Parent page: Using Topographic Maps
There are various types of maps utilized for diverse purposes. For instance, while walking from say point A to Z, you can easily use a normal map. However, if you need to understand the terrain of the road, then you require having topographic maps. This is an essential tool that enables you to observe a three-dimensional terrain on a plain surface. Topographic maps utilize contours to provide details about the land surface through their shaping and spacing, as explained below.
They Indicate Steepness of a Landscape
The points with the same elevation are connected with these lines. When these lines are close together, it indicates that the gradient is shifting quickly within a very short distance, denoting the terrain is steep. When the contours look wide apart, it means that the elevation change is slow, showing a gentle incline.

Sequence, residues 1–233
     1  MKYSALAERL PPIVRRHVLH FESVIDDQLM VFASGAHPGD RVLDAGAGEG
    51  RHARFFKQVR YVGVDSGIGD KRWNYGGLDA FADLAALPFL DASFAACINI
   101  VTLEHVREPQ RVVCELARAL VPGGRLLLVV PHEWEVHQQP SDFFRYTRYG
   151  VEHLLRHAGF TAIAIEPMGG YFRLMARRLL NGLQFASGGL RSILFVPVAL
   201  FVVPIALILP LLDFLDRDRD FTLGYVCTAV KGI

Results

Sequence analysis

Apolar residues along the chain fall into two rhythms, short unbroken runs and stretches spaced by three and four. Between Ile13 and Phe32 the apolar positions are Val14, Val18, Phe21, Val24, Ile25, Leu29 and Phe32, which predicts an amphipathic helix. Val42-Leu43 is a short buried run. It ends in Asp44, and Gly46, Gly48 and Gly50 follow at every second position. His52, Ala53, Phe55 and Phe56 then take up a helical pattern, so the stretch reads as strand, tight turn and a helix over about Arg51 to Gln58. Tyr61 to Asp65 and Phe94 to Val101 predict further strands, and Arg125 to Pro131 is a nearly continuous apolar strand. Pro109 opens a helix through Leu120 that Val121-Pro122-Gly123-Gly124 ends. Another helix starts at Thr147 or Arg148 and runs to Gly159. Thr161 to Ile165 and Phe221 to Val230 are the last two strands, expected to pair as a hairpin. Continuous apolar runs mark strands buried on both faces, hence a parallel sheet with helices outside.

Contour Lines Show the Shape of the Terrain
If there are concentric circles that look rough, it is likely to be showing a peak. The area between these peaks is called passes. If they form a “V,” it indicates in stream valleys or drainage. The best way to utilize topographic maps and match the terrain with the contour lines is by looking at maps of an acquainted area.
The Lines Indicate Depressions Too
Not every time does a circle shows a peak. Sometimes, it specifies that there is a depression. You can differentiate a peak from depression with the ticks marked in the circle. These marks denote that it is a depression. You can also notice a decrease in elevation when you go near that depression.
The Contour Interval
The change of elevation from a single line to the next one are similar within the same map. Most of the topographic maps have an interval of either 50 or 80 feet. A 40-foot distance denotes that there is a 40-feet vertical distance between two lines. The elevations are comparative to sea level taken at zero elevation.